When looking at the RAW’s on my hotel bed the first thing that hit me was that the images look post processed. The contrast and bite is so utterly fabulous that when combined with a modern body like the Canon 6D, the lens is allowing the sensor to run at its optimum. I shot Cathedral in St Malo earlier that day – with the IS engaged I did my usual breath held burst of three images, keeping the shutter speed at 1/30th just in case. Every shot was sharp, side to side at f8. So I experimented slower and slower to find myself shooting an 1/8th even a 1/4sec with amazing results! Then I lowered the aperture to f4 there it was – the game changer. Side to side sharpness wide open, the myth was true.
My ideas extended into the night, shooting lighthouses on clifftops into the early hours. The sharpness the lens is capable of makes checking those corners a little OCD (obsessive corners disorder?!). Reliability is the key here and its comforting knowing that the only mistakes you see on computer will be your own, certainly not the lens.
What I love about Canon IS lenses is that I can leave the tripod in the hotel until later. My travel photography no longer sees me lugging a tripod all day, thanks to incredible image stabilised technology and the 16-35f4L IS has superb technology. It’s a marriage made in heaven alongside my other favourite IS lens the Canon 24-70 f4L IS. Many photography friends have an unnecessary hang up about pro glass, as though only f2.8 glass is for professionals, but I don’t use a single f2.8 lens in my kit bag. The 16-35f4L IS, 24-70f4L IS and the 70-300 f4-5.6L IS are surely the killer team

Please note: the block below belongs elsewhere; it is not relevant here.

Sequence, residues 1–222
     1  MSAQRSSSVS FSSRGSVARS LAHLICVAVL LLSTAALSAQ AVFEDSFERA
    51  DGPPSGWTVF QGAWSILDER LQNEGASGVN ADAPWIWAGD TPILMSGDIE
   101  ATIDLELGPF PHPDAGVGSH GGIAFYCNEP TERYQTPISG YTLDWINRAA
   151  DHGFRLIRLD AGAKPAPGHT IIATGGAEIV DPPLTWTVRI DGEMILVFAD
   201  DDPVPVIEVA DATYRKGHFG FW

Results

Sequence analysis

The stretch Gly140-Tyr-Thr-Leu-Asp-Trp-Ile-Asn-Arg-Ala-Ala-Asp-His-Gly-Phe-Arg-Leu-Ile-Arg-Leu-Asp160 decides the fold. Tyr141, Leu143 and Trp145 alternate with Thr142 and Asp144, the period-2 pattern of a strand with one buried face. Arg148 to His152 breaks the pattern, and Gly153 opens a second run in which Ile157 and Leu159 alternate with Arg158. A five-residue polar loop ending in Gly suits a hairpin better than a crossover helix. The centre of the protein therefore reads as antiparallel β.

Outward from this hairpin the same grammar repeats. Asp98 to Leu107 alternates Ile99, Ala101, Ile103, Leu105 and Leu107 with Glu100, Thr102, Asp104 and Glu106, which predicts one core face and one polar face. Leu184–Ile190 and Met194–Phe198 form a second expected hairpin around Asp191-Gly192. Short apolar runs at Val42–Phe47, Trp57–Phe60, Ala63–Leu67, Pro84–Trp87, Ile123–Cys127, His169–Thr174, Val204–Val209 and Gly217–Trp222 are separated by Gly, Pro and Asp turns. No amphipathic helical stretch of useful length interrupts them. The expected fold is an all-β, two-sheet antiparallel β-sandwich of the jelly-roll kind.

So now back in the UK, you guessed it, I am selling all my wide angle lenses to fund a 16-35f4L IS – the lens that has changed it all. Light, powerful and discrete, with no need for adapters – the Canon 16-35f4L IS is the lens we all dreamed about and now the dream is a reality.
This review was commissioned and sponsored by Canon UK
4 replies on “Canon 16-35 f4L IS Review by David Clapp”
I’m a bit confused by the claim that “It’s the most wide angle lens ever made by any company” surely the Nikon 14 – 24 refered to in the review is wider? It does sound like a great lens but keep in mind the writer is basically saying there is now a Canon lens that’s as good as the Nikon 14 – 24 we’ve had for 8 years.
I have to agree, this is a VERY sharp lens, I sold the f/2.8 model as it was so heavy and use the 16-35 and 24-70 f/4.0 Camon lenses, which are much lighter, have the same filter size and the image stabilising is amazing. Two great lenses for travel, landscape and weddings.
Review? Be aware of the declaration at the bottom of the piece, “This review was commissioned and sponsored by Canon UK”.
Should this be termed Promotion rather than Review given that it was sponsored and commissioned by Canon UK? I love Canon stuff, but think the title is misleading. Also I know a load of wider lenses than this – can you clarify what you mean by widest ever made given that it’s not?